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How to Hide an Electric Panel With a Kitchen Renovation

Updated July 20, 2017

Electrical panels are not pretty. Their size and shape are dictated by building codes, so there are no better looking or more stylish options. Luckily, a relatively inexpensive cover box can be constructed to hide the unsightly grey box. The cover box is made of wood and surrounds the electrical panel. The box has a hinged cabinet door that covers the panel and latches shut with a magnetic catch.

Select a cabinet door that is large enough to completely cover the electrical panel.

Use the cabinet door as a gauge and cut the 1-inch by 4-inch wood to build a box around the electrical panel. The box must be large enough to go around the perimeter of the electrical panel, yet allow the cabinet door to completely cover it. The wood should be thick enough that it sits higher than the face and cover of the electrical panel. Cut the corners at 45 degree angles for a nice finished look.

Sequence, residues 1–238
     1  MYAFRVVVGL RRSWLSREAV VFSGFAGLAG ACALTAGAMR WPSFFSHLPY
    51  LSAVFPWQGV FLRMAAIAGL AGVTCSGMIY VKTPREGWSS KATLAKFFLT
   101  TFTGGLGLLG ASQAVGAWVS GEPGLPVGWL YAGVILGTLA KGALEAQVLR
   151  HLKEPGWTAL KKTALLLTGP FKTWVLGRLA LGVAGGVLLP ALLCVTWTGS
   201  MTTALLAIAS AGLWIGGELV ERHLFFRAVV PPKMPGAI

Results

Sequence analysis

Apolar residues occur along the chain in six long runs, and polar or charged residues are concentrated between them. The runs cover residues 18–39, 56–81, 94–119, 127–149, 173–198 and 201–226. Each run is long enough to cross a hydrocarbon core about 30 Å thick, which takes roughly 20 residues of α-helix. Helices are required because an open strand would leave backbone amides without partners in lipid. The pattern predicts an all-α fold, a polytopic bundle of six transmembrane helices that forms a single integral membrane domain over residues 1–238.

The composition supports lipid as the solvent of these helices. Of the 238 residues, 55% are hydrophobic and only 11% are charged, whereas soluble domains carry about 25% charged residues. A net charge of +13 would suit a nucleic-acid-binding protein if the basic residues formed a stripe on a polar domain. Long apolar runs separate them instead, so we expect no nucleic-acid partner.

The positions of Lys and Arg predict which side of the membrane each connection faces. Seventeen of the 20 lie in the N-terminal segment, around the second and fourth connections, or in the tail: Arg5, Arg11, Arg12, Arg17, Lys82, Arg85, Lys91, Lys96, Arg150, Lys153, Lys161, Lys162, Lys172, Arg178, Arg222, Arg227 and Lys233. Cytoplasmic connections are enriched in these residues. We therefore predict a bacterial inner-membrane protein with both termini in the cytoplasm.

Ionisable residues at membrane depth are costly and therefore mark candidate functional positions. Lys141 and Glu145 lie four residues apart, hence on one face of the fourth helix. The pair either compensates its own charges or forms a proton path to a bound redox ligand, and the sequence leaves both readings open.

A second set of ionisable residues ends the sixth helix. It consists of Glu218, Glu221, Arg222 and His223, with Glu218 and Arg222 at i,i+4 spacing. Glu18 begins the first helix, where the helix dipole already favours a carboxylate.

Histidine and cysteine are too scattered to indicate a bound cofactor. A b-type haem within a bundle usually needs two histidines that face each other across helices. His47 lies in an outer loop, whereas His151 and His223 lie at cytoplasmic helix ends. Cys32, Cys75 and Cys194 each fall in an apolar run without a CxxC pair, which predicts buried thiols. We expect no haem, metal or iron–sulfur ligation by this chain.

Stain or paint the wood as well as the door. You may have to remove the hinges before you paint, then reinstall them after the paint is dry.

Construct the box portion of the cover by nailing the four pieces to the wall with a finishing nail gun. Be very careful that the nails are going into studs, plywood or drywall, not hitting electrical wires.

Install the cabinet door to the box, then install the magnetic catch on the side opposite the hinges.

Tip

Electrical panels may be set into the wall at different depths. The important thing to remember is to get wood that is thick enough to sit taller (higher) than the panel and its cover.

Warning

Be extremely careful when attaching anything to the wall, especially around an electrical panel. You do not want to nail or screw too far and hit any wires. Be sure to turn off power to the area before nailing.

Things You'll Need

  • 1-inch by 4-inch board, either pine, oak or poplar
  • Finishing nail gun
  • Saw
  • Cabinet door with hinges
  • Magnetic door catch

References

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About the Author

Emrah Oruc is a general contractor, freelance writer and former race-car mechanic who has written professionally since 2000. He has been published in "The Family Handyman" magazine and has experience as a consultant developing and delivering end-user training. Oruc holds a Bachelor of Arts in political science and a minor in economics from the University of Delaware.